Glacier Guides and Montana Raft

Hiking Glacier National Park: Red Rock Falls

It’s so hard to say goodbye to hiking Glacier National Park for the year. But a foot of snow blanketed the park last night, and shut down the Going to the Sun Road at St. Mary and Lake McDonald. Here at Glacier Guides and Montana Raft, we explore our beloved backyard year round, but the closure of the road does confirm that winter is here to stay.

Which means that it’s time to catch y’all up on what we did in Glacier National Park this spring, summer, and fall. During those seasons, we’re busy guiding hiking trips in the park and floating down the Flathead River. So this quiet time of year is good for talking about one of our favorite topics:

Hiking Glacier National Park

Fall in Many Glacier, Glacier National Park, Montana, with Mt. Gould and Grinnell Point.

In October, I found myself over on Glacier’s stunning east side, in the Many Glacier area. The mountains there were already snow dusted and glimmering in the autumnal sunshine. My hiking buddy and I headed down the gorgeously empty Many Glacier road for an afternoon hiking Glacier National Park.

Hiking to Red Rock Falls

Fallen Aspen leaves on the frozen Swiftcurrent Pass trail to Red Rock Falls, Many Glacier, Glacier National Park, Montana.

We started down the Swiftcurrent Pass trailhead and quickly found that the wind hadn’t blown all the evidence of fall away. I enjoyed the crunching of the fallen Aspen leaves underfoot. About forty-five minutes after our departure, we arrived at Red Rock Falls, a mighty pretty spot about two miles from the trailhead where the water falls delightfully over a tangle of glacial remnants.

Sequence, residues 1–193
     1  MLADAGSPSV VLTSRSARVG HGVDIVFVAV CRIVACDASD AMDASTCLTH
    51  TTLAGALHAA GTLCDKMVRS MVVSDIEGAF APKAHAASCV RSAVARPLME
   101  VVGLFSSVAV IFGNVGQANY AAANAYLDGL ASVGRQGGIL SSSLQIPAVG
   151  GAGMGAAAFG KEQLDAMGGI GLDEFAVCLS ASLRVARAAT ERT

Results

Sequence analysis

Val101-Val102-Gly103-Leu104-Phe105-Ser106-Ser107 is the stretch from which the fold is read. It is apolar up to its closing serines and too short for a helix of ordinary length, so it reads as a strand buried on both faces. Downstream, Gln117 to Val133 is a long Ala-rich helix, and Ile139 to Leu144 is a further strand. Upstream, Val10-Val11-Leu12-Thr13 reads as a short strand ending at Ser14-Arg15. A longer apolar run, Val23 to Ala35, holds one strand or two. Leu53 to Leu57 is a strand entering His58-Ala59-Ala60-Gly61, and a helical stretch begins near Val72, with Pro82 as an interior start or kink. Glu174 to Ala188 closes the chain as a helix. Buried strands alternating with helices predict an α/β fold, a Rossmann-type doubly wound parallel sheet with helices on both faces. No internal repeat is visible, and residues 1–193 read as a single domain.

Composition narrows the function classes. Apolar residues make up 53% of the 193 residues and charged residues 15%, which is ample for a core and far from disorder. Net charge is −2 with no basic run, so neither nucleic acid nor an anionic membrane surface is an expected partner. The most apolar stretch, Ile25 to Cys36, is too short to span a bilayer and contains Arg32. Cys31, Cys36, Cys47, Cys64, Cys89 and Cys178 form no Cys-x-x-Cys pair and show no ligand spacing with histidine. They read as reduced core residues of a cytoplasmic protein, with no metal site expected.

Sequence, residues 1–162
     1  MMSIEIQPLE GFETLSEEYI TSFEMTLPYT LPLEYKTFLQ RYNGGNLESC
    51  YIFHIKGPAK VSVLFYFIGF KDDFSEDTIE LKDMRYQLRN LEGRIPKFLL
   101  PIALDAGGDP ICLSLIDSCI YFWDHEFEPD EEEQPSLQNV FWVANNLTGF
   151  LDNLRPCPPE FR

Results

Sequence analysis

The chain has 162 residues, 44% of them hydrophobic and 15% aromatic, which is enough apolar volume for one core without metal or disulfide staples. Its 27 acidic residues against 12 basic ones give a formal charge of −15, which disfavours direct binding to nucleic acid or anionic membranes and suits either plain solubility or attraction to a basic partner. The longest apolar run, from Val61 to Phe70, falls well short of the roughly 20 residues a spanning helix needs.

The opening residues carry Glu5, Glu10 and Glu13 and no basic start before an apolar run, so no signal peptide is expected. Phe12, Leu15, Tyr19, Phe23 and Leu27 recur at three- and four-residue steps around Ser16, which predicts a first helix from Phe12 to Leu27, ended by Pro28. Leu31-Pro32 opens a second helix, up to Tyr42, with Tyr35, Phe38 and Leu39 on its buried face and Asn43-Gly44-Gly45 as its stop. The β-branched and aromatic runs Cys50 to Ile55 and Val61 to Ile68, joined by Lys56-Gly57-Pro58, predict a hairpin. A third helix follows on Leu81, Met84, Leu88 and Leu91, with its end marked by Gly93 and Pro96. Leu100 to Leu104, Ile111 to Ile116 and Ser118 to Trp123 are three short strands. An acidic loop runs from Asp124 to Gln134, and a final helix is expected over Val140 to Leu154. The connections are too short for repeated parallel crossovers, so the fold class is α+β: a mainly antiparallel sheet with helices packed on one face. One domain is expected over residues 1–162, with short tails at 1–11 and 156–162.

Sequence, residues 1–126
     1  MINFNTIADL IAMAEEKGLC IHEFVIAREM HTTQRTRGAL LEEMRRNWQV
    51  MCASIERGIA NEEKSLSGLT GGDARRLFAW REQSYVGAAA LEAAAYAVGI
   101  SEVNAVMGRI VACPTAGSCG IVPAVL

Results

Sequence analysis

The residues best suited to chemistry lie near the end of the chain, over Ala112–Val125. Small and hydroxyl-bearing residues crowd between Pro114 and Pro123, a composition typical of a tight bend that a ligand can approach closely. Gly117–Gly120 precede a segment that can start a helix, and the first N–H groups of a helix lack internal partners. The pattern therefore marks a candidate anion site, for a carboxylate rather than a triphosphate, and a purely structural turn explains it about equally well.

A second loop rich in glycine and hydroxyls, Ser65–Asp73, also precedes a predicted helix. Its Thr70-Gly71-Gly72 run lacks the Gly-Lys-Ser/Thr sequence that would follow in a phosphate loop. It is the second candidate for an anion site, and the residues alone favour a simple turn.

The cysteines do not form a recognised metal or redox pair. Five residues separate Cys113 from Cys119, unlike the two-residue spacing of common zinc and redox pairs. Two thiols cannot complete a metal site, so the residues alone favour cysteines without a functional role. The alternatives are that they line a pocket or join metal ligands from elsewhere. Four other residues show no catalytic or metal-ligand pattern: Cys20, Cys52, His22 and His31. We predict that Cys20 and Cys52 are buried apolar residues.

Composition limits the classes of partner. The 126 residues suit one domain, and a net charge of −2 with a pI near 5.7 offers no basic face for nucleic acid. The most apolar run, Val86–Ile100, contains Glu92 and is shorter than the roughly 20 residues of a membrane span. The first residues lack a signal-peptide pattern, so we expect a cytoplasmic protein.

Red Rock Falls in the late October light, Many Glacier, Glacier National Park, Montana.

My hiking partner and I sat in companionable silence for a while, letting the rush of the icy water fill our ears. And then, as the sunlight faded from the Falls, we continued on the trail. But we quickly found that it turned into an ice skating rink not long after the Falls, so we turned around.

Frozen Swiftcurrent Pass Trail, Many Glacier, Glacier National Park, Montana.

As we hiked, we talked idly about this summer’s whitewater rafting season — the overnight trips we offer along the scenic North Fork were the highlight for one of us, while the splashy half day whitewater through the Middle Fork got the vote from the other.

The author hiking Glacier National Park in October: Swiftcurrent Pass trail.

Memories at Red Rock Falls

The two mile return trip flew by quickly, and I wondered when we would next spend an afternoon hiking Glacier National Park — in two short weeks or not until July? Red Rock Falls is special for many reasons, not least because it is a destination that the very old, the very young, and the very new to hiking can all achieve. I’m not so young or so old nor am I new to hiking, and it still holds a dear place in my heart. I recall picnics there when I was 9 and 19 and 29. I remember bringing my first baby to listen to its soothing splash when she was about a month old. And my second, with the first toddling down the trail behind me.

Leaving Many Glacier

As we exited the trail and drove out of the Many Glacier valley, I stopped to take more pictures. Ah, it’s so hard to say goodbye to hiking season. After last night’s snow, I know that it will be spring before I next lace up my hiking boots in the park.

But. Time to wax skis!

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